Users of Amazon, the online retailing behemoth, who aren't already Prime Members, will be familiar with the promotional messages for its “Amazon Prime” membership scheme. 

The only way to make the messages stop is presumably to join the scheme - which, I suppose I should mention, I did a long time ago. 

One of the claimed benefits of Prime membership has long been “Unlimited One-Day Delivery on millions of eligible items”.  But the ASA received complaints from Prime members who were disappointed - in the run up to Christmas 2017 - at not receiving their orders by the following day, and who felt that the broad “one-day delivery” claims made for Amazon Prime were therefore misleading.

Amazon offered two main defences to these complaints. The first was that their “One-Day Delivery” claim only ever promised delivery one-day after despatch, not necessarily one-day after ordering. This didn’t convince the ASA, however, which felt that this is not how consumers were likely to interpret the claim. Such a promise was of little use to real life consumers, and the copy which explained that this is what the claim meant was placed elsewhere, on a separate page of the site.

Amazon’s second line of defence was that specific (and accurate) forecasts of delivery dates were always generated throughout the customer journey on any particular product order.  Although this was true, it was not relevant.  From the ASA’s point of view it was the effect of the sweeping “One-Day Delivery” claim in the ad, which sought to persuade people to sign up for Amazon Prime membership, that was misleading – not the precise delivery dates given for individual products.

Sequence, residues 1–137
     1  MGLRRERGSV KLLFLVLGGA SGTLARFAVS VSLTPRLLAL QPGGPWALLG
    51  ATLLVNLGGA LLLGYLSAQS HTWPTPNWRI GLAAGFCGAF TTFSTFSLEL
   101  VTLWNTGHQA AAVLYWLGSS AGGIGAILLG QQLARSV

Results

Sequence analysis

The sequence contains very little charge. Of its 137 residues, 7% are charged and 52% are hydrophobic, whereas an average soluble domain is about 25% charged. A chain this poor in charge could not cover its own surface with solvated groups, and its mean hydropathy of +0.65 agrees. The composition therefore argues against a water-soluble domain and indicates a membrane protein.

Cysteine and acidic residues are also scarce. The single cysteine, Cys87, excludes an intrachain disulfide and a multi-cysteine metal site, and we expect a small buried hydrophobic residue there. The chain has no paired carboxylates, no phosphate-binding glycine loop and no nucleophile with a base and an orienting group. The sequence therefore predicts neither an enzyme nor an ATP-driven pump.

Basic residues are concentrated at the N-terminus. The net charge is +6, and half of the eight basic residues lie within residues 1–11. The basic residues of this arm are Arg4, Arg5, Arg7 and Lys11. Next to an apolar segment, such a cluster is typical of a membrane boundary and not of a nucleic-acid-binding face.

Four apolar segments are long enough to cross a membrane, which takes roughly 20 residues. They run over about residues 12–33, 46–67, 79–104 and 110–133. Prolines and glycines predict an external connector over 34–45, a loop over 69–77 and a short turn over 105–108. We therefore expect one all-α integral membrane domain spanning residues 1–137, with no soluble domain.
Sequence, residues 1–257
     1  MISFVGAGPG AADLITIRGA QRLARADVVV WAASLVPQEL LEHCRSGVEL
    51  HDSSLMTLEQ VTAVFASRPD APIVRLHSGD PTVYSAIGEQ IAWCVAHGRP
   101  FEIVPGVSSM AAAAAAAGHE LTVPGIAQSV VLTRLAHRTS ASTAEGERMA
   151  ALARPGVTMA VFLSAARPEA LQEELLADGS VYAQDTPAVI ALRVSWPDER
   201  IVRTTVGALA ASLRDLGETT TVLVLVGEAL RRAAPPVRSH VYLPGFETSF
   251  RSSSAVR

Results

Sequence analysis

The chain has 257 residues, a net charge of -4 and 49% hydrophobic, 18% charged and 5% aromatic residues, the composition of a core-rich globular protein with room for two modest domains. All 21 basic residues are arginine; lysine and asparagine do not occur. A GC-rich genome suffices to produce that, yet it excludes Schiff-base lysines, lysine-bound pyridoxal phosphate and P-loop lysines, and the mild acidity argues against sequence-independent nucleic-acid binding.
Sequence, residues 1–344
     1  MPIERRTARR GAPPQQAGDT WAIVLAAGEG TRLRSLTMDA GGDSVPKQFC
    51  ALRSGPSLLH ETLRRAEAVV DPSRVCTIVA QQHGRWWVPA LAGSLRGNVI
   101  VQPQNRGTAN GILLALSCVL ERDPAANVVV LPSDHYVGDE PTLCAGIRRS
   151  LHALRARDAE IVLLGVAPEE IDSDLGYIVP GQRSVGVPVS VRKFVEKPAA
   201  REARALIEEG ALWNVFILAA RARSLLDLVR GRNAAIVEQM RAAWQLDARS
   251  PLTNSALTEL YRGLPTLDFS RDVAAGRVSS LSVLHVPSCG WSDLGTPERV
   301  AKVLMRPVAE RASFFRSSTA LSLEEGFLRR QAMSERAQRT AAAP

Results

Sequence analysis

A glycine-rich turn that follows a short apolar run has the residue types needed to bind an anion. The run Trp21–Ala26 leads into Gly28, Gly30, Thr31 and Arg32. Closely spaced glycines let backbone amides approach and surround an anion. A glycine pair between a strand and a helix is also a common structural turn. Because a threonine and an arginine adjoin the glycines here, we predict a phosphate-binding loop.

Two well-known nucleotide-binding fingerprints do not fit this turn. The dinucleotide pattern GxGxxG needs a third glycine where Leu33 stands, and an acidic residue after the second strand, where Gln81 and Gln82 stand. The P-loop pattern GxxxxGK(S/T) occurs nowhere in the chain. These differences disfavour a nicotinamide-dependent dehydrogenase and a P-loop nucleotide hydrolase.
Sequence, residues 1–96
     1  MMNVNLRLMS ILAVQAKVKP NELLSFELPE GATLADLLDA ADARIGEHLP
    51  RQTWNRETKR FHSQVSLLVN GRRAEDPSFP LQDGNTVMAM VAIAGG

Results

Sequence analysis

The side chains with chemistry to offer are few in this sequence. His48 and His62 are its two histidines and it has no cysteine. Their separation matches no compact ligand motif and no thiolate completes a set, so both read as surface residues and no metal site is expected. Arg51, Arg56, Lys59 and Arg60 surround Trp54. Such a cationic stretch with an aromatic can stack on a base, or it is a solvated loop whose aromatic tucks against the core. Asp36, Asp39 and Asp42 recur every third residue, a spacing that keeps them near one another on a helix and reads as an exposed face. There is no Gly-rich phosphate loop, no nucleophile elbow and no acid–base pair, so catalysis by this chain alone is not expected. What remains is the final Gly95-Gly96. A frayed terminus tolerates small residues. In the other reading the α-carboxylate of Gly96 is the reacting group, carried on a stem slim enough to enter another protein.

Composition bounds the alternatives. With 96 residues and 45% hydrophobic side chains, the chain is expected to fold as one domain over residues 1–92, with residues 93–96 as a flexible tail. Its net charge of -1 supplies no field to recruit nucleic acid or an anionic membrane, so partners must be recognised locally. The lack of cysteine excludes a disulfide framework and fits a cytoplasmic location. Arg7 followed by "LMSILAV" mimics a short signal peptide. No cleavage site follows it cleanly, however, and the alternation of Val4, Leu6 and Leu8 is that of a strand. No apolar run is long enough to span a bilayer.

To an extent, Amazon is a victim of its own success.  Its ordering and delivery processes are so slick and fast, that when it promises “One-Day Delivery”, consumers are likely to think that – provided they don’t order too late in the day, or possibly on a Saturday – delivery will indeed take place one day after ordering. In most cases their expectations will be met.  Unfortunately for Amazon, the “smaller but significant proportion of orders” that would not be delivered on the subsequent day was sufficient for the ASA to find its “One-Day Delivery” promise to Prime members misleading.